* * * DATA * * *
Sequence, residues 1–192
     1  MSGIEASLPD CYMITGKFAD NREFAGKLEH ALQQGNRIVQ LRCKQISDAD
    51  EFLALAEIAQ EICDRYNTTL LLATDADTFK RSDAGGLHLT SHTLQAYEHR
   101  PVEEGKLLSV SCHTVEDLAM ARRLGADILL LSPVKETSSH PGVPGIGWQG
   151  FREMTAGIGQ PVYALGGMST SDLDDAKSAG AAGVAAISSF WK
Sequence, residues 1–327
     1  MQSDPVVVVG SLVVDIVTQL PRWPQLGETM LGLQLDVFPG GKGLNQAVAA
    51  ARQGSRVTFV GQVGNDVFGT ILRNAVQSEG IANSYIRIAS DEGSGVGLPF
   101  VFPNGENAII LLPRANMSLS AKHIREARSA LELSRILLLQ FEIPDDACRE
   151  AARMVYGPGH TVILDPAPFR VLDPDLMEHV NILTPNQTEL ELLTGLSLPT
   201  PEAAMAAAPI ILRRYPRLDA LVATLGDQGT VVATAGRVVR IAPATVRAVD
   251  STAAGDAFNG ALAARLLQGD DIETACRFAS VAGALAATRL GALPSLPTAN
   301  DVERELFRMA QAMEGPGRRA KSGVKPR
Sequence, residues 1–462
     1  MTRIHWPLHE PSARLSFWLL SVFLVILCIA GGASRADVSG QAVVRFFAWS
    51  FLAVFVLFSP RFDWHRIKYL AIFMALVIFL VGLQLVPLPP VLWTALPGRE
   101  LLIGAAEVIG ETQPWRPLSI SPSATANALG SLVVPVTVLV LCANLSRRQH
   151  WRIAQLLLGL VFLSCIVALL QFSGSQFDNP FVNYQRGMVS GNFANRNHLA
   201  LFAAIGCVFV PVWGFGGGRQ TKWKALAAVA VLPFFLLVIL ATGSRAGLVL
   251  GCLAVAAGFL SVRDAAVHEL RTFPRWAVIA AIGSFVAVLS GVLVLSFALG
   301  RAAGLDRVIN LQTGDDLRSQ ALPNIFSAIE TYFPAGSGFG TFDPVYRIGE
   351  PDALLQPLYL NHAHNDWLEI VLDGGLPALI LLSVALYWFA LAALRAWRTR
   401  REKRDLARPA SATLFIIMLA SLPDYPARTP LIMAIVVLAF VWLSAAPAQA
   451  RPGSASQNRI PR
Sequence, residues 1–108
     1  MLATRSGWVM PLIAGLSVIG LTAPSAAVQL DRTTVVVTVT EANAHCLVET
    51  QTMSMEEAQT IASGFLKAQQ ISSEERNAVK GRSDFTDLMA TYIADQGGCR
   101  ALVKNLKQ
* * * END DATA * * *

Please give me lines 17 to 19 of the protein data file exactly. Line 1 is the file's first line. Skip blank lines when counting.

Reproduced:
   101  LLIGAAEVIG ETQPWRPLSI SPSATANALG SLVVPVTVLV LCANLSRRQH
   151  WRIAQLLLGL VFLSCIVALL QFSGSQFDNP FVNYQRGMVS GNFANRNHLA
   201  LFAAIGCVFV PVWGFGGGRQ TKWKALAAVA VLPFFLLVIL ATGSRAGLVL